49ers ink their franchise quarterback. After trading a second-round pick for Jimmy Garoppolo last year (in a deal that they accepted in “10 minutes”), the 49ers have locked up the 26-year-old signal-caller to a five-year, $137.5MM contract that makes him the league’s highest-paid player in history on an annual basis. San Francisco structured Garoppolo’s deal in way to take advantage of its mountain of 2018 space, and Garoppolo will count for $37MM against the club’s salary cap next season. Overall, Garoppolo will take home $48.7MM in full guarantees, and $74.1MM in injury guarantees.

Panthers still looking for a GM. Nearly seven months after firing Dave Gettleman, the Panthers still don’t have a long-term general manger in place. Interim GM Marty Hurney was viewed as the favorite for the job, but a harassment complaint — albeit one that has been withdrawn — from his ex-wife could reduce his chances. Titans executive Lake Dawson has now garnered two interviews for the role, while other candidates include Jimmy Raye III (Texans) and Martin Mayhew (49ers).

The coordinator carousel. The Eagles lost well-regarded quarterbacks coach John DeFilippo to the Vikings — with whom he’ll become the team’s new offensive coordinator — and could also see Reich leave the staff if he’s hired by the Colts. The Giants, meanwhile, had been looking at Minnesota’s Kevin Stefanski and Philadelphia’s Duce Staley for their OC role, but the Vikings have already denied Big Blue permission to interview Stefanski while the Eagles are expected to do the same with Staley if Reich goes to Indy.

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5 Key NFL Stories: 1/28/18 – 2/4/18

It’s Super Bowl Sunday! All the trades, signings, draft selections, coaching hires, front office additions, game-planning, and practice sessions have led to this: Super Bowl LII between the Eagles and Patriots. New England will have tight end Rob Gronkowski available after he suffered a concussion in the AFC Championship Game, but the club is expected to lose coordinators Josh McDaniels and Matt Patricia to head coaching jobs once the contest concludes. Philadelphia, meanwhile, will go into today’s game with backup quarterback Nick Foles, and they too could lose a respected staffer — quarterbacks coach John DeFilippo — following the Super Bowl. And by the way: Brandin Cooks was nearly an Eagle!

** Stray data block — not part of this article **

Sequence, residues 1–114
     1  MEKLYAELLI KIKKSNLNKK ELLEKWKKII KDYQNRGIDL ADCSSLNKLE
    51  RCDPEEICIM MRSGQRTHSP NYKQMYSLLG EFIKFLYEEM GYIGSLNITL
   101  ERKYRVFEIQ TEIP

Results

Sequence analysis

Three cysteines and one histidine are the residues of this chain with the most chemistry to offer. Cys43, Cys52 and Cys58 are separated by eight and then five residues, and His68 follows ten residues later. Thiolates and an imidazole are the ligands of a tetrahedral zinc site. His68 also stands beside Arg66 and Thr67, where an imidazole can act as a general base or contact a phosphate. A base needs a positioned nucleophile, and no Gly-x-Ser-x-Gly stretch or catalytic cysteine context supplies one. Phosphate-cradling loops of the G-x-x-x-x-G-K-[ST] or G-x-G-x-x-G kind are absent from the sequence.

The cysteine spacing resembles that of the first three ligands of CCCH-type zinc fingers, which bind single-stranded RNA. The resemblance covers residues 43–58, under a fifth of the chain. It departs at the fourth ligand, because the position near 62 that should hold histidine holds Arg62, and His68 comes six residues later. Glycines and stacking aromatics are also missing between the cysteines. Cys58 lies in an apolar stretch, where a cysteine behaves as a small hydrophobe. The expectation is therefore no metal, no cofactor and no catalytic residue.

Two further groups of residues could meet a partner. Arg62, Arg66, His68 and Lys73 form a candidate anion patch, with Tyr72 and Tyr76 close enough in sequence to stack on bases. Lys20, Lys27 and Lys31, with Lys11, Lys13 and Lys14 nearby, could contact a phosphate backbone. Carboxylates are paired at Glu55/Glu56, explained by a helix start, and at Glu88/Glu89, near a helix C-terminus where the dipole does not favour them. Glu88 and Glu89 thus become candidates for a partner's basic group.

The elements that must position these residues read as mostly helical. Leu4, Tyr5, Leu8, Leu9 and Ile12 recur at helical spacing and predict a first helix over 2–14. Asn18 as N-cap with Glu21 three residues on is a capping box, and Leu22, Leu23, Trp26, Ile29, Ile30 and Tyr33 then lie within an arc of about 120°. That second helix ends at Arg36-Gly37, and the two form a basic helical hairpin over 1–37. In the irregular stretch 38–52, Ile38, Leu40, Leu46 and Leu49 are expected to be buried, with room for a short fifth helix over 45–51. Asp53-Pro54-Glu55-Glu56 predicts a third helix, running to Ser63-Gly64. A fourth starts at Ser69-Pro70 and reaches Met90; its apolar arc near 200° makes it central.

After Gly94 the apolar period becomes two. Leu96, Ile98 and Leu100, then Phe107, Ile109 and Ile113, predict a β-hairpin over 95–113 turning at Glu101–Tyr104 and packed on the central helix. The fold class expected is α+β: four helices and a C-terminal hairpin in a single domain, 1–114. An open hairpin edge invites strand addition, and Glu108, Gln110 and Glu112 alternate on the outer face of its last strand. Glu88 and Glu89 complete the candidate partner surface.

Redskins trade for a new quarterback. Kirk Cousins always seemed unlikely to return to the nation’s capital in 2018, so Washington found itself a new QB by trading for the Chiefs’ Alex Smith. The Redskins gave up a 2018 third-round pick and promising young cornerback Kendall Fuller (and inked Smith to a four-year, $94MM extension), but they now have a quarterback in place for the foreseeable future. Reports today have indicated Washington could still franchise tag Cousins again despite having acquired Smith, but that’s likely an empty threat.Blake Bortles

…but the Jaguars will stick with their signal-caller. Jacksonville is planning to retain Blake Bortles and his $19MM+ salary in 2018, but the team likely doesn’t have much of a choice. Bortles recently underwent wrist surgery, meaning he may not be able to pass a physical by the time the new league year rolls around in March. If that’s the case, his injury guarantees will kick in, meaning Bortles will collect his base salary (which is courtesy of his exercised fifth-year option) whether he’s on the Jaguars’ roster or not.

Ravens plan front office transition. Ozzie Newsome has been leading Baltimore’s front office since the Ravens’ inception in 1996 (although he didn’t officially become the NFL’s first African-American general manager until 2002), and has led the club to continued success and two Super Bowl titles during that time. While Newsome will remain with the organization as an adviser, longtime assistant GM Eric DeCosta — who has consistently turned down interviews with other teams around the NFL — will take charge of personnel after the 2018 campaign.

Cardinals expected to cut Adrian Peterson. While Peterson has claimed he’d like to play four-to-five more years in the NFL, it likely won’t be in Arizona, as the Cardinals are likely to release the future Hall of Famer this offseason. Arizona acquired the 33-year-old Peterson from the Saints at midseason, but he managed only 3.5 yards per carry on 129 rushes and scored twice in the desert. With superstar David Johnson returning from injury, the Cards don’t have a pressing need for a back like Peterson.

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5 Key NFL Stories: 1/21/18 -1/28/18

Titans, Cardinals fill head coaching vacancies. Tennessee and Arizona were the last two NFL clubs searching for new head coaches (discounting Detroit and Indianapolis, which will hire Matt Patricia and Josh McDaniels, respectively, when the Super Bowl concludes), and both teams hired former defensive coordinators with only one year of experience last week. The Titans settled on ex-Texans DC Mike Vrabel, who is still filling out his staff after missing out on defensive play-caller James Bettcher. The Cardinals, meanwhile, landed former Panthers DC Steve Wilks, who has already hired Mike McCoy to lead Arizona’s offense and Al Holcomb to run the club’s defense.